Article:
The Bolognese, named after the city of Bologna, Italy, where they originated, is a small breed known for its distinctive fluffy white coat. The Bolognese is an ancient breed with a history that traces back to the Roman Empire. Belonging to the Bichon family, which includes other breeds like the Bichon Frise and the Maltese, the Bolognese was a favored pet of the Italian nobility during the Renaissance. It was considered a symbol of wealth and nobility and often given as a precious gift among nobles and royals. The breed almost became extinct in the 20th century but was saved by Italian breeders who were dedicated to preserving the breed. However, the breed remains relatively rare, even in its native Italy.
Bolognese can suffer from cataracts, patellar luxation, progressive retinal atrophy, progressive retinal atrophy (prcd), retinal dysplasia, and urolithiasis (urate). Genetic testing is recommended, including for the following additional conditions: hyperuricosuria, degenerative myelopathy, and progressive rod-cone degeneration.
The Bolognese is characterized by its playful, friendly, and affectionate personality. They are intelligent dogs, quick to learn and eager to please their owners. Known for being good with children and other pets, the Bolognese can make an excellent family pet.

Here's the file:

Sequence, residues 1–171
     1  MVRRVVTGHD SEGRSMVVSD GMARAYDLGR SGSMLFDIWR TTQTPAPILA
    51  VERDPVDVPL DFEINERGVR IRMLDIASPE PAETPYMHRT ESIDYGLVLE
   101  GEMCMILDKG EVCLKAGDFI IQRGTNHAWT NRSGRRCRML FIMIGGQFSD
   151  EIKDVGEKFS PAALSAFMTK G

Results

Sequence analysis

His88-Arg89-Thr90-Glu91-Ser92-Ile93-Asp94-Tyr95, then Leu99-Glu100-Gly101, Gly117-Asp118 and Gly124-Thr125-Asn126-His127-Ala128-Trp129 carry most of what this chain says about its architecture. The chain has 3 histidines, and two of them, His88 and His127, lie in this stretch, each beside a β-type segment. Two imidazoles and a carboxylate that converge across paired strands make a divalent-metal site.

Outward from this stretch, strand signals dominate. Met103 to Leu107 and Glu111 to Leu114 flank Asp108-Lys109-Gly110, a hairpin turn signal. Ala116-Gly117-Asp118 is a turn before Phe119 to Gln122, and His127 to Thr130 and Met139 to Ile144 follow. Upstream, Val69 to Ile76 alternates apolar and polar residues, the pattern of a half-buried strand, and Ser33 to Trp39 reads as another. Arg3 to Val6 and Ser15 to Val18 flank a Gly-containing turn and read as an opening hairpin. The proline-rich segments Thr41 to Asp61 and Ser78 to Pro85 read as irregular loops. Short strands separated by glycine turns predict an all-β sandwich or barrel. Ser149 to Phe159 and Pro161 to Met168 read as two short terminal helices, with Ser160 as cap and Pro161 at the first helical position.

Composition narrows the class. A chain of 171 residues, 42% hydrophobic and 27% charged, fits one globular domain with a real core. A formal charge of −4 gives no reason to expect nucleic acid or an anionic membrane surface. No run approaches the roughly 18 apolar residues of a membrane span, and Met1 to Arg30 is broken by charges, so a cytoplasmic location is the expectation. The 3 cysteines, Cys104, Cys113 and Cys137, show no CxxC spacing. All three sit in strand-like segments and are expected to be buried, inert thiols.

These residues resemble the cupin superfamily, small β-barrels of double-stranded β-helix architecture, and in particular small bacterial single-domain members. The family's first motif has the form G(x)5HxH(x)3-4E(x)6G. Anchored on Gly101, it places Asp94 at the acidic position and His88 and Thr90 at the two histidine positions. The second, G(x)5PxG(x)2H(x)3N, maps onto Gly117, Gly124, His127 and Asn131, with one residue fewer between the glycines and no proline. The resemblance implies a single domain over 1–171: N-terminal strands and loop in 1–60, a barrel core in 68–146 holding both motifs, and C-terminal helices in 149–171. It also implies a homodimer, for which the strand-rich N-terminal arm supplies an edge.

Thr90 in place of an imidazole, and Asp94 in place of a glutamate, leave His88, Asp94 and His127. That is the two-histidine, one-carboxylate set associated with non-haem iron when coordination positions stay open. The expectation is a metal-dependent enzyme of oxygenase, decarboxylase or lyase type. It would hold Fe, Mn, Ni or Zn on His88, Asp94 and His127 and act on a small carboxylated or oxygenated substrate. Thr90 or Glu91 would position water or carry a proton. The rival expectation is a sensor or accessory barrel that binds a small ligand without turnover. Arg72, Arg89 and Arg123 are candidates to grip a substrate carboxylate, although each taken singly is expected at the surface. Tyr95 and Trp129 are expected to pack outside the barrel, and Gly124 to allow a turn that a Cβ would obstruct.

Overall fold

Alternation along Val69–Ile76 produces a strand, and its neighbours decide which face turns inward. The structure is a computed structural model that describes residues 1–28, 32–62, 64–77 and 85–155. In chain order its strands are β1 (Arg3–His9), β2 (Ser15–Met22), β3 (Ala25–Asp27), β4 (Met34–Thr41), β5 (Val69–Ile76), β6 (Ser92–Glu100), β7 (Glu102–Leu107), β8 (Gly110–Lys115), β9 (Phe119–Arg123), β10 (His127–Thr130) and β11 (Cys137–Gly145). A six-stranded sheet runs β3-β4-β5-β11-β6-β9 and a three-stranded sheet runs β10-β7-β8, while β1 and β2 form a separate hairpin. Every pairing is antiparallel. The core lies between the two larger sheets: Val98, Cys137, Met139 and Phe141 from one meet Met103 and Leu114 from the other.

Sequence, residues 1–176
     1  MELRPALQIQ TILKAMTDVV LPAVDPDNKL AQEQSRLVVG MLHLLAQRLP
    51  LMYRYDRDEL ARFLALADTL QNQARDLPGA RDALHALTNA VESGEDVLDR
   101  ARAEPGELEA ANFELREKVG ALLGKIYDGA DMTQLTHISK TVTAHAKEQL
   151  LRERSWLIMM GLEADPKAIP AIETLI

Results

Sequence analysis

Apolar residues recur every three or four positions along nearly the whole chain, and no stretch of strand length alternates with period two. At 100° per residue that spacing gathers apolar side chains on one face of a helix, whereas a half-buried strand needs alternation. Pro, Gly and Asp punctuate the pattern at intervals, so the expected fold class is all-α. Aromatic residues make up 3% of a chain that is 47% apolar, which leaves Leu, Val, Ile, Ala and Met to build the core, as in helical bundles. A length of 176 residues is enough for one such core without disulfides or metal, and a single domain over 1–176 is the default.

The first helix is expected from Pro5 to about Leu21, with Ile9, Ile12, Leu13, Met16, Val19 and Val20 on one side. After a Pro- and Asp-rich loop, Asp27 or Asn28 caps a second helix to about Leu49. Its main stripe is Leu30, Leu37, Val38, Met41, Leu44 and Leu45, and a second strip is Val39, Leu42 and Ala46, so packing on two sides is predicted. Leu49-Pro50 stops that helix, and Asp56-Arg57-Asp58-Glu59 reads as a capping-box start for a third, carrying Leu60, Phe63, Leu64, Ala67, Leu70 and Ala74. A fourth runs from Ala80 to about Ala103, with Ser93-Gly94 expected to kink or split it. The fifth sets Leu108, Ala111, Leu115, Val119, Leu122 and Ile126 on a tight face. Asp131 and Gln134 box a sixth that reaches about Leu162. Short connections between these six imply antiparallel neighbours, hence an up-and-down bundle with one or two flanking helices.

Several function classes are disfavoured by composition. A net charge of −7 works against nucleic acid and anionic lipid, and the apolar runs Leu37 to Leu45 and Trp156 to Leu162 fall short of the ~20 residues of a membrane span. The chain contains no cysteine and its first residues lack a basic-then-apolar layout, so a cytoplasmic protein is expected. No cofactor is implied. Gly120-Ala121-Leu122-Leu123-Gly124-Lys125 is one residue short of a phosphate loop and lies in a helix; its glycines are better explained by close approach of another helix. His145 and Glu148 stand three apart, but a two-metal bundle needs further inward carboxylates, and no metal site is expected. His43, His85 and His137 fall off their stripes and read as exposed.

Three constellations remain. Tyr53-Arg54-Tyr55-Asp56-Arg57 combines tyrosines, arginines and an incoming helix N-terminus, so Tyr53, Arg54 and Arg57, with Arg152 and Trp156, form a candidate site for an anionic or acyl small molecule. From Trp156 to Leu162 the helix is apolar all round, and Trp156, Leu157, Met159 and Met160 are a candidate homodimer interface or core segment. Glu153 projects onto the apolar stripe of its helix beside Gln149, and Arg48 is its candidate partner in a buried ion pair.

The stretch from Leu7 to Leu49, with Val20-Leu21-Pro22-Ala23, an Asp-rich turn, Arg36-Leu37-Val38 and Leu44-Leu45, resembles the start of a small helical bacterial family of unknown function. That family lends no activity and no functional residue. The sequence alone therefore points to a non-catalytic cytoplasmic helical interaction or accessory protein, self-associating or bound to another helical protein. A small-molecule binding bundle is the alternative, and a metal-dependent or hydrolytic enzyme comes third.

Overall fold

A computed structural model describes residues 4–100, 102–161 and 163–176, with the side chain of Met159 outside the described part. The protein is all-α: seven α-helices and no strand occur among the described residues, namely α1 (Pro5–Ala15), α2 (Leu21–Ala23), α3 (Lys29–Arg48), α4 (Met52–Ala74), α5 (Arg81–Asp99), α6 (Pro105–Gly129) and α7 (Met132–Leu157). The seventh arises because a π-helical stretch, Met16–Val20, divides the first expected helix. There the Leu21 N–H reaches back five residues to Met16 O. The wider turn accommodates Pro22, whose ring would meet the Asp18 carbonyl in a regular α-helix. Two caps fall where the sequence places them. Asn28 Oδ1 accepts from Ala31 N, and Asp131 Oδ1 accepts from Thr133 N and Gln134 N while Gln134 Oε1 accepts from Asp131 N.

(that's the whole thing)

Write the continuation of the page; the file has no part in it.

They can, however, be a bit shy and reserved with strangers, which makes early socialization important. Despite their small size, they are alert and can make good watchdogs. Bolognese dogs are known for their loyalty and tend to form strong bonds with their human families. They tend to get separation anxiety when not around their owners, and should be trained to tolerate normal separation early on.
The Bolognese breed was fully recognized by the American Kennel Club (AKC) in 2015. They have also been recorded in the AKC's Foundation Stock Service since 1999.
According to the AKC, Flemish craftsmen included Bolognese in their tapestry work as far back as the 17th century.